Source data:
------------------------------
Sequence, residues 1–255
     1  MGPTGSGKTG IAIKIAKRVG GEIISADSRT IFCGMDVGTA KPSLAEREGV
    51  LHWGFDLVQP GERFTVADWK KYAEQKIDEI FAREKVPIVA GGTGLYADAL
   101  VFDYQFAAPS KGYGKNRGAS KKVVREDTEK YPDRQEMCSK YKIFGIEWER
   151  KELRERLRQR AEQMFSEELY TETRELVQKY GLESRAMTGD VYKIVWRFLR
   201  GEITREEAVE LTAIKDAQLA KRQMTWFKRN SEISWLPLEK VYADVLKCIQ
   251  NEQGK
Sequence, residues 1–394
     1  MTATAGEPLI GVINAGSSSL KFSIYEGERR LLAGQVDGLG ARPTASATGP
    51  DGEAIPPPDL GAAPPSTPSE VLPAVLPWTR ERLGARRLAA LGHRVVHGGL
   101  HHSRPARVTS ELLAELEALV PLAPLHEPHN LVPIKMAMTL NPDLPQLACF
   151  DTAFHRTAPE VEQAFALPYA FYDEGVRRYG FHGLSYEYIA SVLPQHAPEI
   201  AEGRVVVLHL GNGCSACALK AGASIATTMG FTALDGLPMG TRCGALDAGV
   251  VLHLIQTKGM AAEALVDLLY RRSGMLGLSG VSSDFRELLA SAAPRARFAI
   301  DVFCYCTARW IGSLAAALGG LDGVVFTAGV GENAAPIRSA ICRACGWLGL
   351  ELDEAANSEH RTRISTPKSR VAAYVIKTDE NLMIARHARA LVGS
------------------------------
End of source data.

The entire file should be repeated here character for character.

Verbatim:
Sequence, residues 1–255
     1  MGPTGSGKTG IAIKIAKRVG GEIISADSRT IFCGMDVGTA KPSLAEREGV
    51  LHWGFDLVQP GERFTVADWK KYAEQKIDEI FAREKVPIVA GGTGLYADAL
   101  VFDYQFAAPS KGYGKNRGAS KKVVREDTEK YPDRQEMCSK YKIFGIEWER
   151  KELRERLRQR AEQMFSEELY TETRELVQKY GLESRAMTGD VYKIVWRFLR
   201  GEITREEAVE LTAIKDAQLA KRQMTWFKRN SEISWLPLEK VYADVLKCIQ
   251  NEQGK
Sequence, residues 1–394
     1  MTATAGEPLI GVINAGSSSL KFSIYEGERR LLAGQVDGLG ARPTASATGP
    51  DGEAIPPPDL GAAPPSTPSE VLPAVLPWTR ERLGARRLAA LGHRVVHGGL
   101  HHSRPARVTS ELLAELEALV PLAPLHEPHN LVPIKMAMTL NPDLPQLACF
   151  DTAFHRTAPE VEQAFALPYA FYDEGVRRYG FHGLSYEYIA SVLPQHAPEI
   201  AEGRVVVLHL GNGCSACALK AGASIATTMG FTALDGLPMG TRCGALDAGV
   251  VLHLIQTKGM AAEALVDLLY RRSGMLGLSG VSSDFRELLA SAAPRARFAI
   301  DVFCYCTARW IGSLAAALGG LDGVVFTAGV GENAAPIRSA ICRACGWLGL
   351  ELDEAANSEH RTRISTPKSR VAAYVIKTDE NLMIARHARA LVGS